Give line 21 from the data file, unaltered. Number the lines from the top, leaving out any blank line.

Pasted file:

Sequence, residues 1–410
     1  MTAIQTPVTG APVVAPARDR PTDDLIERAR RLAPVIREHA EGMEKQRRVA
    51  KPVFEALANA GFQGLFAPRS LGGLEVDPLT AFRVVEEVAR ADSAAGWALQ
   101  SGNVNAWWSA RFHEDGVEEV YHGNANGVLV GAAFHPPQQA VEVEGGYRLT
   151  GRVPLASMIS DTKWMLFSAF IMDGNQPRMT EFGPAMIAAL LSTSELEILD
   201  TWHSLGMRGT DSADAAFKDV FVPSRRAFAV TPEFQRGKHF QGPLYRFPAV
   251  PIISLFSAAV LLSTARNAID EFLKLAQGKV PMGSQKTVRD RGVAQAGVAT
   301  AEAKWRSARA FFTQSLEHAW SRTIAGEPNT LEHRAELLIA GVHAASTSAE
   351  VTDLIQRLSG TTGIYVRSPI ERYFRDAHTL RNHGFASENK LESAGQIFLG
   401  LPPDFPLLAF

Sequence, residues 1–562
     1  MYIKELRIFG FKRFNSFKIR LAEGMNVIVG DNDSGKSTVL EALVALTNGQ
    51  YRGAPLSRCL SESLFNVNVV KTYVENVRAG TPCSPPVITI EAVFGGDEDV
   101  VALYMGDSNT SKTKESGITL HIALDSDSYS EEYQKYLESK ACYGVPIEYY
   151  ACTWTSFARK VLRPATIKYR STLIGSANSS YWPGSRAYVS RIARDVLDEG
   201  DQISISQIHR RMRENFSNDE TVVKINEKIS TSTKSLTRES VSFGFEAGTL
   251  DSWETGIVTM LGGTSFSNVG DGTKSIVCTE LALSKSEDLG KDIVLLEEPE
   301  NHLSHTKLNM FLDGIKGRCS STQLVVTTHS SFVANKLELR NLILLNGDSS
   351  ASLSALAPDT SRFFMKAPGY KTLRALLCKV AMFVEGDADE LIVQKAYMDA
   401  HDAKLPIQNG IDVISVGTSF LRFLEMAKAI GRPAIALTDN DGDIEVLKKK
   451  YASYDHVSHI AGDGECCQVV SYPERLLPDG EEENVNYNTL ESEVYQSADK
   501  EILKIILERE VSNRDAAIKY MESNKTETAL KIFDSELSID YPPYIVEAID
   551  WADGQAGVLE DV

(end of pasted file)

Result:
   451  YASYDHVSHI AGDGECCQVV SYPERLLPDG EEENVNYNTL ESEVYQSADK